How Two Rival Maine Canoe Makers Nursed a 50-Year Friendship

Jerry Stelmok and Rollin Thurlow started as partners and became competitors.

Jerry Stelmok and Rollin Thurlow
By Peter Van Allen
Photographed by Alberto Lopez
From our November 2021 issue

Jerry Stelmok and Rollin Thurlow might have been bitter cross-town rivals. They both make timeless wood-and-canvas canoes that typically sell for about $6,000 apiece, and they both have workshops a few miles apart in the 300-person Piscataquis County settlement of Atkinson. But they’re also old pals going back five decades, and neither has let work get in the way of friendship. “Having Rollin down the road has enhanced the experience,” Stelmok says. “When we were younger, the relationship was a little more competitive, but we managed to carve out separate specialties and were able to remain friends, which only strengthened over the years.”

He and Thurlow originally connected through their wives (in Stelmok’s case, his first wife). Then, in the early ’70s, they both ventured off to study boatbuilding at the Boat School, in Lubec. Major canoe companies were converting to fiberglass hulls, and this was the only wooden-canoe program of its kind. The two students soaked it up, and upon their graduation, the head of the school sold them his business, Island Falls Canoe.

The duo built a range of classic canoes, including designs from the E.M. White Canoe Company, a trailblazing Maine paddling brand that has been defunct since the ’40s. The process was painstaking — selecting the right cedar and hardwoods, steam-bending the wood, finessing the dimensions just so, smoothing the balky canvas hulls — but they found a growing audience for their work, with avid paddlers buying not only their canoes but also their books. Their 1987 volume, The Wood and Canvas Canoe: A Complete Guide, is still in print.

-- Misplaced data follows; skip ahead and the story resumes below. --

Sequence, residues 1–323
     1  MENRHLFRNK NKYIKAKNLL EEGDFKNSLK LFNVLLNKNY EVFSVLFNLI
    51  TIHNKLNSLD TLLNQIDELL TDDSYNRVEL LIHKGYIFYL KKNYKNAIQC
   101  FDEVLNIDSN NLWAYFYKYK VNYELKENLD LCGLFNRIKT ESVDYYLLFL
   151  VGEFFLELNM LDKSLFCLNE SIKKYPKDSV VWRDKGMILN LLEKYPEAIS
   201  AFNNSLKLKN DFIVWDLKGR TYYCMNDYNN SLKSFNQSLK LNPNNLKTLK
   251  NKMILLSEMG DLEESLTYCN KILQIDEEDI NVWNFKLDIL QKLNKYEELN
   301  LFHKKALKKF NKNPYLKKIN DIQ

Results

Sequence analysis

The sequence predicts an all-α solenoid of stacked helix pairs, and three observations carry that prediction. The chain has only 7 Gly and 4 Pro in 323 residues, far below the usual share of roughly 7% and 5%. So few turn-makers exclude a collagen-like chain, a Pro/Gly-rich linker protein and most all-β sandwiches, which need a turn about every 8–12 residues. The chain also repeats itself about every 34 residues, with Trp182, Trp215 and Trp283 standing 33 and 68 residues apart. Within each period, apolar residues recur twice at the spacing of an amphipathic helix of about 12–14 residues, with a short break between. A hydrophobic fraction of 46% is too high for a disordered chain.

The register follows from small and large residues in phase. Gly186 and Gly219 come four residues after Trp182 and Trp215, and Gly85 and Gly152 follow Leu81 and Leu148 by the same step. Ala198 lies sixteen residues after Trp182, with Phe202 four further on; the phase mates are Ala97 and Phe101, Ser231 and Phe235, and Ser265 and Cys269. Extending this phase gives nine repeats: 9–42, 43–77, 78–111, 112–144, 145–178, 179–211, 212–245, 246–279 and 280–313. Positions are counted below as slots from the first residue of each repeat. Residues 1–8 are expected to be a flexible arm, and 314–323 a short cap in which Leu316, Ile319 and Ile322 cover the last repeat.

The ’70s kicked off a wooden-boat revival in Maine: in coastal Brooklin, WoodenBoat magazine’s first issue was published in 1974.

Over time, their interests started to split. While Stelmok gravitated toward new construction of classic styles, Thurlow found his niche in restoring old canoes. Then, in the early ’80s, they decided to part ways. Thurlow started Northwoods Canoe Co. in a post-and-beam workshop he built himself, and Stelmok kept on with Island Falls Canoe. Although both continued to do builds and restorations, their divergent interests kept any sense of rivalry at bay. Thurlow branched out into selling canoe parts and hardware. Stelmok, meanwhile, honed the artistic flourishes on his canoes and also acquired the rights to designs of discontinued Old Town wooden canoes. There were no hard feelings, they insist.

Rollin Thurlow
Jerry Stelmok

Occasionally, a customer mistakenly shows up at one shop thinking it’s the other — GPS is spotty in Atkinson — but neither minds sending someone off in the right direction. “We both have more work than we can handle, so there really has not been too much difficulty being so close together,” Thurlow says. They often talk shop and swap technical advice, and they still get together for dinners. “Our kids grew up together as best friends,” Stelmok adds, “so that was another plus.”

From our special “70 Over 70” feature, profiling dozens Mainers from all walks of life, all of them over 70 years old. Find a few “70 Over 70” stories here on the website, and pick up a copy of our November 2021 issue to read them all!